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By the end of August the younger vineyards hearabouts started to show signs of stress. The vines struggled to find the water to draw the nutrients up from the soil, and feed the leaves that make the sugar. So the vines shut down, and the grapes stopped accumulating sweetness.

If you are a grower, paid on volume, your main concern is to deliver a healthy crop as soon as the minimum ripeness is achieved. If the grapes are swelling and the bunches getting bigger, then you wait. But if there is no rain forecast for 2 weeks, and the sun is just shrivelling the grapes, then there is no point in waiting.

So, after the ‘rentrée’ when everyone comes back from the long August holidays, some growers started to pick. And once you have started picking, the easiest call is to carry on until you have finished.

So now, by the end of September, pretty much everyone around us has brought in their entire crop. Which makes our three small parcels a bit of a magnet for the hungry wild boar.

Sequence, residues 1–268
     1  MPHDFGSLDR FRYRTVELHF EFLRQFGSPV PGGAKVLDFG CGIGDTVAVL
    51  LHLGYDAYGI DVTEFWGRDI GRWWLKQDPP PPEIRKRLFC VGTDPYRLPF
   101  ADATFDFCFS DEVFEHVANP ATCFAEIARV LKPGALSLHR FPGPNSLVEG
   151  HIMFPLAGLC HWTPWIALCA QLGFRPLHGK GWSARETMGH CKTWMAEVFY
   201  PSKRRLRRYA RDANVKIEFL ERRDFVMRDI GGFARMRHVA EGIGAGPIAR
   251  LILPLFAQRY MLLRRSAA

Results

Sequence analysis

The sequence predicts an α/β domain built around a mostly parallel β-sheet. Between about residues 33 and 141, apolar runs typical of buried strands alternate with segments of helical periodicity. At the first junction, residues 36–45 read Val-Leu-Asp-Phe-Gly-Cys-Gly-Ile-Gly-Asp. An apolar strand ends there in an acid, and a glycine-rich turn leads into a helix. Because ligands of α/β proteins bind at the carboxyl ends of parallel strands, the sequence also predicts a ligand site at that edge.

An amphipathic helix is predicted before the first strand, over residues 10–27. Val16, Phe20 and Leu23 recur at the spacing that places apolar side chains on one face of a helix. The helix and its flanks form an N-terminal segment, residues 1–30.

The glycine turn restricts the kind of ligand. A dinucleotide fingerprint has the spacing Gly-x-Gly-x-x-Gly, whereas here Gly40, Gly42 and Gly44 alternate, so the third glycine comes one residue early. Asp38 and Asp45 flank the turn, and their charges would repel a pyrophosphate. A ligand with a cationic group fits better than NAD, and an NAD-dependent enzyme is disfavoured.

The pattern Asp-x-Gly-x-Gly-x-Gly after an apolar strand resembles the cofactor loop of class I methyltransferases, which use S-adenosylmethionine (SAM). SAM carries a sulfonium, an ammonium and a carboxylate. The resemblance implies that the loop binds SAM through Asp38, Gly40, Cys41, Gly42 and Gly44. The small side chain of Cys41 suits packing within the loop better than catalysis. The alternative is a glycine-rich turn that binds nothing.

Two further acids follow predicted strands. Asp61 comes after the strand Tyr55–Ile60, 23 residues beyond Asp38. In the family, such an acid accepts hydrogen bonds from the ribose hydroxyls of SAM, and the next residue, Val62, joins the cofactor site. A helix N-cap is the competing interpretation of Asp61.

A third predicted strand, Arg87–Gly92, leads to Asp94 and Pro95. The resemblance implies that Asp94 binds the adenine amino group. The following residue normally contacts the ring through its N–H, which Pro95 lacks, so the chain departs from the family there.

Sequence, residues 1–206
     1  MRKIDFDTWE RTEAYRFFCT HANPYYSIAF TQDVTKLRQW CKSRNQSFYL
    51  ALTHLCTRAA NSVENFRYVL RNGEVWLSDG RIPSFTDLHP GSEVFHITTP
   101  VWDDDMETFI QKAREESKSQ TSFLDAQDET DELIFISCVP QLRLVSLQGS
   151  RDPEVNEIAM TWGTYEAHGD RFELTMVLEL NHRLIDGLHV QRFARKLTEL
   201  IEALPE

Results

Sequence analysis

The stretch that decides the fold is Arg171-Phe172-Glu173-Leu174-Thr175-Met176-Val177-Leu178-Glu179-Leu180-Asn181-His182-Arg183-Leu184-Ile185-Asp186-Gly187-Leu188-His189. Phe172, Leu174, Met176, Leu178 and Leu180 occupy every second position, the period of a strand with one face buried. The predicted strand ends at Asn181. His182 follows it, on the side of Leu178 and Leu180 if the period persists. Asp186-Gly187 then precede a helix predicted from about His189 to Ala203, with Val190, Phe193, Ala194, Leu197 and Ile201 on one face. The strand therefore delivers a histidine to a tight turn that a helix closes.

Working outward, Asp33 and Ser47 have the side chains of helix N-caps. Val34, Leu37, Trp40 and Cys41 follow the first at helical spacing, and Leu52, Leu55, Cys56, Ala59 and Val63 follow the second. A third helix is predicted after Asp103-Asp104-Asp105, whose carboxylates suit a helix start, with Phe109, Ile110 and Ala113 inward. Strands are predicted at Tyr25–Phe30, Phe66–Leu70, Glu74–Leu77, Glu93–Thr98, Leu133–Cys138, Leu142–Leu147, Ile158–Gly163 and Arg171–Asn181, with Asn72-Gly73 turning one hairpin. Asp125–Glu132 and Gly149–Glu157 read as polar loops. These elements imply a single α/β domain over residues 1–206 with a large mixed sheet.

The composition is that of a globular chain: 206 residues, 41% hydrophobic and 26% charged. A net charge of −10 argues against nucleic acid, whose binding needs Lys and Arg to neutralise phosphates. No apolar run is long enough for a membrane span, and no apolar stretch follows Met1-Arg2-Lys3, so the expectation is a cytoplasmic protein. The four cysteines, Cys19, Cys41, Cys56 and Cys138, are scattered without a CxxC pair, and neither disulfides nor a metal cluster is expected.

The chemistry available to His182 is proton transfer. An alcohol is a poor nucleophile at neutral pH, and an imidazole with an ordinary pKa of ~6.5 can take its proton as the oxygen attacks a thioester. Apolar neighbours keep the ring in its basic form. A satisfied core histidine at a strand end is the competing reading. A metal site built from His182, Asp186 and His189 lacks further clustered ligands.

A good 20mm of welcome rain 10 days ago has given our vines a much needed boost, and ripening has recommenced, so we are planning to pick our Carignan on Monday 3rd Oct, which is a week later than last year, but 2 weeks earlier than both 2013 and 2014.

Our potential alcohol should be over 14 degrees, which is where we want it to be, and the crop is large, and the grapes small, with thick skins, which is a great combination.

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Pity about the lousy volume in the Grenache – Domaine of the Bee 2016 may be a Carignan dominated blend!